And then the day finally dawns when you’ve clawed your way onto a brand with a half decent budget and half decent sales, the latest round of budget cuts have been and gone and you’ve managed to cling on to enough money to produce a new TVC. You’re busting with excitement and can’t wait to experience a real life, once-in-a-lifetime opportunity to actually shoot a commercial for your baby.

So you can imagine my disappointment when I recently discovered how Brand Managers are actually viewed by the production team when they eventually reach this final hurdle. Production schedules are not a different version of Outlook; you can’t just pick up and move them around at will, as most BMs seem to think. There is little or no consideration by BMs of time frames and the logistics surrounding a TVC shoot.

BMs are very good at leaving things until the last minute, yet still expecting a high quality and standard of work. Having said that, they aren’t remotely afraid of compromising the quality themselves by insisting on an increased logo size or website URL with their one-dimensional checklist, thus totally severing the emotional connection.


A BM is often just a cog in the wheel

It might help if production companies understand what a brand manager has gone through to get to this stage. After the budget for the TVC has been approved and the agency briefed comes the arduous and protracted process of managing internal stakeholders. Any campaign must align with the overall business strategy whilst reflecting the marketing strategy and corporate brand guidelines. In theory the relevant strategies for any brand have already been written and signed off. But in practice, this is the part where personal opinions come in – and the more management layers that are involved, the more opinions there are – a little like having several judges sitting on one case. Combine that with the significant budget needed for production and media and you can bet that the CFO will suddenly feel that he is creatively qualified.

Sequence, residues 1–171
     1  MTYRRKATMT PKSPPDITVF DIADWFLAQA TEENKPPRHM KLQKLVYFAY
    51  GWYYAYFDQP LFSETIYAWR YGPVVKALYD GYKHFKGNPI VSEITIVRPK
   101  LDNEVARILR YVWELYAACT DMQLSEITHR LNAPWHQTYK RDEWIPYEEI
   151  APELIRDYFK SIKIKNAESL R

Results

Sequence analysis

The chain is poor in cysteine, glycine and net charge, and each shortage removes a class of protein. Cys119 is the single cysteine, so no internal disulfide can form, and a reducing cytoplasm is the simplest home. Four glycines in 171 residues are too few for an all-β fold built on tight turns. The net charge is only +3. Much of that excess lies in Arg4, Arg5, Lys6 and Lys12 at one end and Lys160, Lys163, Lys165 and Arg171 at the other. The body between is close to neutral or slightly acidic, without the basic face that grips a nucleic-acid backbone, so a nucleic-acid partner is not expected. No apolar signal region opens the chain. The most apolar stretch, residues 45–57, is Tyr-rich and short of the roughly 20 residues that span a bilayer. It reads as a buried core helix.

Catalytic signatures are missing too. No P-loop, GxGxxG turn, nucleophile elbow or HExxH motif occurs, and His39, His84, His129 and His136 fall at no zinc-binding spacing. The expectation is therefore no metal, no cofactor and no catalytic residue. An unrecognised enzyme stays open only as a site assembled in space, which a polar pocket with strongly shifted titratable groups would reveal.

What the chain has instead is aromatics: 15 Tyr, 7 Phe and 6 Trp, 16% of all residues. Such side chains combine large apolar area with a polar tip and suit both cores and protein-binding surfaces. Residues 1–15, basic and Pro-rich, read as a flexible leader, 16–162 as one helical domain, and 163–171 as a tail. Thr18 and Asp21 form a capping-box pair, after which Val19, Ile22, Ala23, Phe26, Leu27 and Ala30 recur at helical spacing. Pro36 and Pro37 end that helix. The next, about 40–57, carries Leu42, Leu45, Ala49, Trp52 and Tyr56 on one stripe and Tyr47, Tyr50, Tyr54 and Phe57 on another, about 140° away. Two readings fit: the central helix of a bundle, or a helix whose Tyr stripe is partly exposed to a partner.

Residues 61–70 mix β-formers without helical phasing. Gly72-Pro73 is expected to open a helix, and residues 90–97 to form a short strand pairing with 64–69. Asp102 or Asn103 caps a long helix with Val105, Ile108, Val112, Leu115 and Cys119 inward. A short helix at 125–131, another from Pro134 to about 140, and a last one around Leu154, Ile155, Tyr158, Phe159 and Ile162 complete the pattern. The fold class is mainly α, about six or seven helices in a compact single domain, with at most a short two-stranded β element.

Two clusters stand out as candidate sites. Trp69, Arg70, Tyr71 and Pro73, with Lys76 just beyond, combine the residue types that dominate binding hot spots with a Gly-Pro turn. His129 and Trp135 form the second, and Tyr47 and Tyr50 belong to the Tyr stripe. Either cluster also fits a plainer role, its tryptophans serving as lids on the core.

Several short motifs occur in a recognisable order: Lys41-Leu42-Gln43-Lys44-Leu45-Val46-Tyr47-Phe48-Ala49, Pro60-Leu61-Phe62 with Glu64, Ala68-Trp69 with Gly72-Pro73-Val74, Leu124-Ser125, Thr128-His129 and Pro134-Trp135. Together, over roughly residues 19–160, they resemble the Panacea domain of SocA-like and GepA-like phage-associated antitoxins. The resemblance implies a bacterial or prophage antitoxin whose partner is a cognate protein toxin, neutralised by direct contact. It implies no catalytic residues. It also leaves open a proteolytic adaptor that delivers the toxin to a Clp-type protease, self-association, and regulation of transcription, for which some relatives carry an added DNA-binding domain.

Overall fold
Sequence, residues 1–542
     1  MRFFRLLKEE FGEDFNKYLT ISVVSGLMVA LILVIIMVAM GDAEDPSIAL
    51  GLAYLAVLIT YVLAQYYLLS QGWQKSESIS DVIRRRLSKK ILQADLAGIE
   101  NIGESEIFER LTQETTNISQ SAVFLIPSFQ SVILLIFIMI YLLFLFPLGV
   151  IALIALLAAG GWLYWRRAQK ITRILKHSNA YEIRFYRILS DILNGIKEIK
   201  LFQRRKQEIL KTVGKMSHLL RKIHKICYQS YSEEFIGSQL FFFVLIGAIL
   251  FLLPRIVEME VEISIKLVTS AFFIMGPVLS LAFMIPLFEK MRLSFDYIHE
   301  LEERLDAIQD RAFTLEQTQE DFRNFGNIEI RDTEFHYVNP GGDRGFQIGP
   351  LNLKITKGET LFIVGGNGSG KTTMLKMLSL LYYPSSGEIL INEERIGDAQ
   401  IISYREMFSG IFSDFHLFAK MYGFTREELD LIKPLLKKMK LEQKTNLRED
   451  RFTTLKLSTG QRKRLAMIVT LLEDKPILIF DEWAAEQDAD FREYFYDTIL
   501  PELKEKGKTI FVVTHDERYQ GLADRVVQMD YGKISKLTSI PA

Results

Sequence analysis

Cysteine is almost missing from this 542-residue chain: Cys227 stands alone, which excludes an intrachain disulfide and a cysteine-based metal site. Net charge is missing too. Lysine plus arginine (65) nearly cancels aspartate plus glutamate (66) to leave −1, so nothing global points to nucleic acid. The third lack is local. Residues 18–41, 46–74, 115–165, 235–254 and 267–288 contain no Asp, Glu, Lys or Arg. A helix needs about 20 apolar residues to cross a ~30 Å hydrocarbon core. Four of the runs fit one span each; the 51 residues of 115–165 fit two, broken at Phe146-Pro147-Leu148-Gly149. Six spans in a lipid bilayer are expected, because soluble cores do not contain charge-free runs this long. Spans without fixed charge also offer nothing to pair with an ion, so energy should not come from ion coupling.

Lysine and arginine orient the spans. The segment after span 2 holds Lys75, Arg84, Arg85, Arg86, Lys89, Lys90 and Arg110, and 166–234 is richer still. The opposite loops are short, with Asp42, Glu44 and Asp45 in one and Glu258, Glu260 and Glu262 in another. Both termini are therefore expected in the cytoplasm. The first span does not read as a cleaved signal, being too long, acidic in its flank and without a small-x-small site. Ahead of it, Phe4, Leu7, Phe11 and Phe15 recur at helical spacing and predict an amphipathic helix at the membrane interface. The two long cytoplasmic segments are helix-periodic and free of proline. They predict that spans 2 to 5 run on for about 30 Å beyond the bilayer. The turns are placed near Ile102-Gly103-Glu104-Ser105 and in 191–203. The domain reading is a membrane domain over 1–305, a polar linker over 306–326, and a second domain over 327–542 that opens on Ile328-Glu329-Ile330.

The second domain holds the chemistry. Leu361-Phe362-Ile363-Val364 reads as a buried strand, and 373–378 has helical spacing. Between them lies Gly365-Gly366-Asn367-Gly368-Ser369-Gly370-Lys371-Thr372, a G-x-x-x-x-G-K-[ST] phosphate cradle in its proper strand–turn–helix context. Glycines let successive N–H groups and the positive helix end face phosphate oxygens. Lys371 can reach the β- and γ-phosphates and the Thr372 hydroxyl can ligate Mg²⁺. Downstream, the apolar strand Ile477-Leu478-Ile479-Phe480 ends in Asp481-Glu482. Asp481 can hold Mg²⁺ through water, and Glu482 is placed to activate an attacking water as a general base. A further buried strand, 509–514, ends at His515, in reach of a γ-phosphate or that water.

Robynne Berg, Director at Berg Consulting Group and a client veteran of many TVC shoots puts it like this:

“The TVC is generally one output of a strategy which has many stakeholders and includes many initiatives over a long period of time. The cost can be a significant one for an organisation and thus all elements of the creative will be scrutinised. Adding to these challenges, the organisation’s TVC is the one chance when non-creative, non-marketing members of the organisation have a chance to be creative. And given everyone has a view on the ads they like and don’t, they feel they are sufficiently qualified to give clear directives from the voice over copy, the choice of talent, the locations, the direction and anything else which may make it to the final edit.”